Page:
Loyola medical student awarded Tropical Medicine Fellowship for research in China

By Jim Ritter

Loyola University Chicago Stritch School of Medicine student Tiange “Philip” Zhang is among 21 medical students nationwide who have received a highly competitive travel fellowship from the American Society of Tropical Medicine and Hygiene (ASTMH).

The society’s Benjamin H. Kean Travel Fellowship in Tropical Medicine is the only medical student award in the United States dedicated to nurturing a career path for physician-scientists in tropical medicine. Fellows receive airfare and up to $1,000 in living expenses for a clinical training or research project in an area where tropical diseases are endemic.

 Zhang, a second year medical student from St. Louis, conducted an eight-week research project on improving testing services for sexually transmitted infections among gay men in Guangzhou, China. Chinese gay men face a high disease burden as well as barriers to care.

“We found that community engagement, such as awareness or involvement in sexual health campaigns, may be particularly useful for promoting testing among this key population,” Zhang said. “This experience allowed me to gain insights into how public health approaches can be utilized to better understand and address the needs of populations affected by infectious diseases.”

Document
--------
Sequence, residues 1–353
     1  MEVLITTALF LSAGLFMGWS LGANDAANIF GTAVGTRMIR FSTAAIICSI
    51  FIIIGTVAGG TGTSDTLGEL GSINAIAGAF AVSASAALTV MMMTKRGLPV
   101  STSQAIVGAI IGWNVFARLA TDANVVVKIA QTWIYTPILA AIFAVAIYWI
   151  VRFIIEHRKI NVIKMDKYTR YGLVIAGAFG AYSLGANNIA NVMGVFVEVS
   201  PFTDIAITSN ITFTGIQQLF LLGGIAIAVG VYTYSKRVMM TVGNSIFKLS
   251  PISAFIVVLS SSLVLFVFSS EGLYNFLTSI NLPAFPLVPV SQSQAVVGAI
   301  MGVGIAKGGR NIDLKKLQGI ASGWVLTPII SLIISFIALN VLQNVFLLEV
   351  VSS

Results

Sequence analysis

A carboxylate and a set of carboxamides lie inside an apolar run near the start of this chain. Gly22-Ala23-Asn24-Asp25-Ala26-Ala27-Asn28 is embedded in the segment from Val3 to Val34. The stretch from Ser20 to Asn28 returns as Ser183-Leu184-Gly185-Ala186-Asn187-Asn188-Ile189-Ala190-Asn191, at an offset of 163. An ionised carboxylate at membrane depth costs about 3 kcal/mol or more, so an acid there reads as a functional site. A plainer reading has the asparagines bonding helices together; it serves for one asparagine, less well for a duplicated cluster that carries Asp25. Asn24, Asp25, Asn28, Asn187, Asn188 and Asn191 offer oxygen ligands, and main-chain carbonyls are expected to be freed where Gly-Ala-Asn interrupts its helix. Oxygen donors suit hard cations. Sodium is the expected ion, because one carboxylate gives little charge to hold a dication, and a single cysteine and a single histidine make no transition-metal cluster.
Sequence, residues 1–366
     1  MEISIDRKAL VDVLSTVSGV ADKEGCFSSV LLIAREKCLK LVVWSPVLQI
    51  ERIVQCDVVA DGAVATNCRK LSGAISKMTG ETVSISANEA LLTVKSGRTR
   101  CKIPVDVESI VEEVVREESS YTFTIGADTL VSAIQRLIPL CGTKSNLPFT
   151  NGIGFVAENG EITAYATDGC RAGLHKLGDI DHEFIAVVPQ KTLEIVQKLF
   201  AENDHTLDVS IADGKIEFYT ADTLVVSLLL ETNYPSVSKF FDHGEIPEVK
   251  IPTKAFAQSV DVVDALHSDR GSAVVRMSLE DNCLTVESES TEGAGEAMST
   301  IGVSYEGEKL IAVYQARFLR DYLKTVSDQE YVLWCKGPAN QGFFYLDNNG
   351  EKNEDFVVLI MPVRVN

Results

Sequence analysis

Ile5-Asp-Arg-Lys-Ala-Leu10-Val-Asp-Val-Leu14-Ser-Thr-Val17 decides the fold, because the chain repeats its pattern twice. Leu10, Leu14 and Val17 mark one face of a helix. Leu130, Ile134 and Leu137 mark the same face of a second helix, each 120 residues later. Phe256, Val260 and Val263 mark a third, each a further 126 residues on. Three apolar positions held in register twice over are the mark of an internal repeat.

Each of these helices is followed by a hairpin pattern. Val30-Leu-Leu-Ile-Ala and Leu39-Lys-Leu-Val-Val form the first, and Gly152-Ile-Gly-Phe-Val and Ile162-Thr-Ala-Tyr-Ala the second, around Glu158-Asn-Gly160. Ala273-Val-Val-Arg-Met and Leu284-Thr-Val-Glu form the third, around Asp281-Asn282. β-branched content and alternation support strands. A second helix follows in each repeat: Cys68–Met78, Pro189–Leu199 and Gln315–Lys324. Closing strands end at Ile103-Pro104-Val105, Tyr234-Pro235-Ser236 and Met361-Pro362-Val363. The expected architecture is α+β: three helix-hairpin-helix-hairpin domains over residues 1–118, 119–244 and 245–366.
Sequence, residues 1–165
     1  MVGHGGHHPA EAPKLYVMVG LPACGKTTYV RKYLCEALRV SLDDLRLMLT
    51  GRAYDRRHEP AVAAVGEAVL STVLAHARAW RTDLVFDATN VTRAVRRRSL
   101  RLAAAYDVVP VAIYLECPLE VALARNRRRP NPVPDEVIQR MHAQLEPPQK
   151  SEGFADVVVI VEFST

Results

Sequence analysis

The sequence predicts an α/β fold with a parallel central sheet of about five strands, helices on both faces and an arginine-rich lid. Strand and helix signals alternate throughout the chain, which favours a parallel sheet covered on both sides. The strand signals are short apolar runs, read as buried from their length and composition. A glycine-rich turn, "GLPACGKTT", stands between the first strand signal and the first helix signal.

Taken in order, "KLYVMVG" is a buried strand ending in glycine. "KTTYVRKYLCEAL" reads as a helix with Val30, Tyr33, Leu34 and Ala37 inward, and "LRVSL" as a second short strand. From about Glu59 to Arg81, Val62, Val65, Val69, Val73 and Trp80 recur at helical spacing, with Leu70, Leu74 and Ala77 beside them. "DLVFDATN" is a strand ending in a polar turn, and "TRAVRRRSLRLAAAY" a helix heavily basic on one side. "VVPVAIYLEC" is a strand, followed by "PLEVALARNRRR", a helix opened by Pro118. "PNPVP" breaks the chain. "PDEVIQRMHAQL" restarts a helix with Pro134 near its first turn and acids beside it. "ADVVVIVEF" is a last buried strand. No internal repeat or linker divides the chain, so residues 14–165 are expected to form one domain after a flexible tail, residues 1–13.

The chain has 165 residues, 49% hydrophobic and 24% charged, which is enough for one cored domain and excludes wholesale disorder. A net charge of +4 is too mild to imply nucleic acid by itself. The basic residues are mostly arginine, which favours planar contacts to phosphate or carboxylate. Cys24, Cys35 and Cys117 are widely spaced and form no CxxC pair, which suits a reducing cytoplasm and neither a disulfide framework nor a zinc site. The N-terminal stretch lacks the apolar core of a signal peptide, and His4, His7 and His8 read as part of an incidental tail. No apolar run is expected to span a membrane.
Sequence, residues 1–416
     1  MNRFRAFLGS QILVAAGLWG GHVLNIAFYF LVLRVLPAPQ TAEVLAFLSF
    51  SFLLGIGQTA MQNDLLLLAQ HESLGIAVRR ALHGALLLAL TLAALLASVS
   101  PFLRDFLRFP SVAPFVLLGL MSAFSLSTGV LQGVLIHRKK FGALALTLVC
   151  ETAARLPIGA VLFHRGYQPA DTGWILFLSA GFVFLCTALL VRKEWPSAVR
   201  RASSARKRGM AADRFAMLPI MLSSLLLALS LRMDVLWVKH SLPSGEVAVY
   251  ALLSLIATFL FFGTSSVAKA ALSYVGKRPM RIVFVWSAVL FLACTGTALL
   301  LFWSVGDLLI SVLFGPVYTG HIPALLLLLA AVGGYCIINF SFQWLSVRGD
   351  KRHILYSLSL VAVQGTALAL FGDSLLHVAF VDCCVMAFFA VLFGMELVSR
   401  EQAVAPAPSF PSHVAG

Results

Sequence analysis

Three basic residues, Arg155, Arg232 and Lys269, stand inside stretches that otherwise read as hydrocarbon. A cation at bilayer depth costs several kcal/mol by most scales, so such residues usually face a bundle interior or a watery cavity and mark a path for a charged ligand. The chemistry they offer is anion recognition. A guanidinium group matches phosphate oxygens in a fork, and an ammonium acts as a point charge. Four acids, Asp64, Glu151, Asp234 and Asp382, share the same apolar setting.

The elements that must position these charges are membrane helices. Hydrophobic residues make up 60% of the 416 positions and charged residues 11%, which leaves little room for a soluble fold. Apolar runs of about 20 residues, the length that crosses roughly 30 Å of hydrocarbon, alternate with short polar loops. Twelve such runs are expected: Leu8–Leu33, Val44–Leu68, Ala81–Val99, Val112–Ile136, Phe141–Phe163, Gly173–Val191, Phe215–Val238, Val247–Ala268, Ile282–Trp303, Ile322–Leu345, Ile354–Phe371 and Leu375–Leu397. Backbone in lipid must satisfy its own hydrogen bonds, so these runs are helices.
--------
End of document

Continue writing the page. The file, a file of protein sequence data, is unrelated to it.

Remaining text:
After medical school, Zhang plans to pursue a specialty that will allow him to combine research and clinical care to alleviate the burden of diseases in marginalized communities.

The fellowship is named in honor of Benjamin H. Kean, MD (1912-1993), an internationally known tropical medicine expert and mentor to many world-renowned tropical medicine experts. Dr. Kean also is credited with discovering the causes of several diseases, including turista (travelers’ diarrhea).

ASTMH is the largest international scientific organization of experts dedicated to reducing the worldwide burden of tropical infectious diseases and improving global health.